Former presidential and New York City mayoral candidate Andrew Yang is leaving the Democratic Party, he announced this week.
Yang said in a Medium post that he changed his voting registration from “Democrat” to “Independent” on Monday after being a registered Democrat for 20 years.
“I have at this point dozens of friends and confidantes who are entrenched in the Democratic Party. I’ve been a Democrat my entire adult life,” Yang wrote in “Breaking up with the Democratic Party.” “And yet, I’m confident that no longer being a Democrat is the right thing.”
Yang blasted a “stuck” political system, and polarization that is worse than ever. He called for a combination of open primaries and ranked-choice voting, as practical steps toward improving that system.
“I believe I can reach people who are outside the system more effectively. I feel more … independent,” he wrote. “Also, on a personal level, I’ll admit there has always been something of an odd fit between me and the Democratic Party. I’m not very ideological. I’m practical. Making partisan arguments – particularly expressing what I often see as performative sentiment – is sometimes uncomfortable for me. I often think, ‘Okay, what can we actually do to solve the problem?’ I’m pretty sure there are others who feel the same way I do.”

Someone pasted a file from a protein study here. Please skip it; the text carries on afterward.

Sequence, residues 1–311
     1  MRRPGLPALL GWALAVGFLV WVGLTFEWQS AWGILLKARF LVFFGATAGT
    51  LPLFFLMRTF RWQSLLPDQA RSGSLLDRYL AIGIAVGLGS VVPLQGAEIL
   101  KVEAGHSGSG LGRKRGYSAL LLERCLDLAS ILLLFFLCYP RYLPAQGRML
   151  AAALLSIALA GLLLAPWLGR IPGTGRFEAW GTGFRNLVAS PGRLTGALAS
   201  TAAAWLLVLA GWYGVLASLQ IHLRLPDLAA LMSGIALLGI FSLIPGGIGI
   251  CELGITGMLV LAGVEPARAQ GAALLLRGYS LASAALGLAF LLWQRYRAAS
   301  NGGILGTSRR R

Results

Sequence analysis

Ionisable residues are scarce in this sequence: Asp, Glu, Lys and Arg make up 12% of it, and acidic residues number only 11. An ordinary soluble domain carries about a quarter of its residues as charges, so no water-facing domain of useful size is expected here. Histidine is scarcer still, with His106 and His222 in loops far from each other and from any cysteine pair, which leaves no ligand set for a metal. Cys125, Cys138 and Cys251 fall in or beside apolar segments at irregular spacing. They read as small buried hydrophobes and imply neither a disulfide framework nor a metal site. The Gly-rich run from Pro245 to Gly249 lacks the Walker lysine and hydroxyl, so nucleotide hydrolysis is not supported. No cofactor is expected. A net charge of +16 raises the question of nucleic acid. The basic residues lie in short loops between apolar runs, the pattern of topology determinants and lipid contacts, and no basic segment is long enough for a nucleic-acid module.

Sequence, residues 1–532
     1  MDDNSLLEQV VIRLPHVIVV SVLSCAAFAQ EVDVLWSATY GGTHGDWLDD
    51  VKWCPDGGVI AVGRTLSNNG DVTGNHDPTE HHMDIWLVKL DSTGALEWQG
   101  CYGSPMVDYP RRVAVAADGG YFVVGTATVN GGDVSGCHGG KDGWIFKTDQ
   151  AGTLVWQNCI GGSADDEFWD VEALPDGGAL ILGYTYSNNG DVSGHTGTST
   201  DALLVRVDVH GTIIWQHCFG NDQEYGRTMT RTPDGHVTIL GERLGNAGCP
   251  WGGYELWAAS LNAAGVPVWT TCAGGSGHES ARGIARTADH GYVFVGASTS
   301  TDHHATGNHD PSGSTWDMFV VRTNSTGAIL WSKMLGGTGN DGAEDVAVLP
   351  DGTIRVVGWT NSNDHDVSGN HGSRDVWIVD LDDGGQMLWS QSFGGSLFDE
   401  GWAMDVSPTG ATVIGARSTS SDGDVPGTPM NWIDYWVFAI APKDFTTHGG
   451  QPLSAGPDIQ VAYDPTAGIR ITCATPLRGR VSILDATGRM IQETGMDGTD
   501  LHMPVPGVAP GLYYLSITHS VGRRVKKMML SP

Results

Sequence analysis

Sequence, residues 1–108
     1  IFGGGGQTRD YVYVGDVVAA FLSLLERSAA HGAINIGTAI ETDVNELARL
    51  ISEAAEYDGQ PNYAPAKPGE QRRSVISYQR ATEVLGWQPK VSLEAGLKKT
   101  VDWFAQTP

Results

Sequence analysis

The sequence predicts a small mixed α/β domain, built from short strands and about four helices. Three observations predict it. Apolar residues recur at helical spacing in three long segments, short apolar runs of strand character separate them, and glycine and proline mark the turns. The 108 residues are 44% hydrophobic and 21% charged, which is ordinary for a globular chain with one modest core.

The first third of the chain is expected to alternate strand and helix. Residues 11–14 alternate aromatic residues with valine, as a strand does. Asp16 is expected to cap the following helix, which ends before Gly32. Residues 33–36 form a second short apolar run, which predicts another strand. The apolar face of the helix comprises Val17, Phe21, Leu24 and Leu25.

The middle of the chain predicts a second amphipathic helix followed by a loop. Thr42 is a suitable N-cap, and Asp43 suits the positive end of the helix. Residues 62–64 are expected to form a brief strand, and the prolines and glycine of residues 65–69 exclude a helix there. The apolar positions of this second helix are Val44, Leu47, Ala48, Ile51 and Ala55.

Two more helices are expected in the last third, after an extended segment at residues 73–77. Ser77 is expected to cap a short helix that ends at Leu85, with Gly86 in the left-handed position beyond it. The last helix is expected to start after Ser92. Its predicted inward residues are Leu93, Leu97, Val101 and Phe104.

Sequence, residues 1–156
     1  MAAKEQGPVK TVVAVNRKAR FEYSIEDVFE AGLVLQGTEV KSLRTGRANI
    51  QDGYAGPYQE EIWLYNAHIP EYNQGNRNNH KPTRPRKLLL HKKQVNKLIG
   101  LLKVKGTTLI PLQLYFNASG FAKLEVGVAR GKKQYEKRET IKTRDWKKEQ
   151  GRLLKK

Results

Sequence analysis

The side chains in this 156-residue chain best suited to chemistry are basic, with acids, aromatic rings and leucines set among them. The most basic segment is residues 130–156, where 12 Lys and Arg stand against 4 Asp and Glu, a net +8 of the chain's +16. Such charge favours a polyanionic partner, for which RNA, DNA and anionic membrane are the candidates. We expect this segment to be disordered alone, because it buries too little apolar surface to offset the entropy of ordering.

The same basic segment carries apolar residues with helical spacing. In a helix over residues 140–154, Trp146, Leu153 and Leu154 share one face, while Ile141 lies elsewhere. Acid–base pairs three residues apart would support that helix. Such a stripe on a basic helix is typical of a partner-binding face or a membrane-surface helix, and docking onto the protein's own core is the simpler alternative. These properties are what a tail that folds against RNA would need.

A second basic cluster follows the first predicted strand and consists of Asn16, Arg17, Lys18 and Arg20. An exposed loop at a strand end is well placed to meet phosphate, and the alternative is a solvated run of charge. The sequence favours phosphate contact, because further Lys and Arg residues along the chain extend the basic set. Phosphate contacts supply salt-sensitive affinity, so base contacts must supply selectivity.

While he was one of the many Democratic primary contenders, Yang pushed for a political system that is more responsive to those being left behind by technological changes, and for a universal basic income. He wanted the government to give every American $1,000 a month. Yang dropped out of the presidential primaries in February 2020. He also ran for New York City mayor as a Democrat.
“Breaking up with the Democratic Party feels like the right thing to do because I believe I can have a greater impact this way,” Yang wrote Monday. “Am I right? Let’s find out. Together.”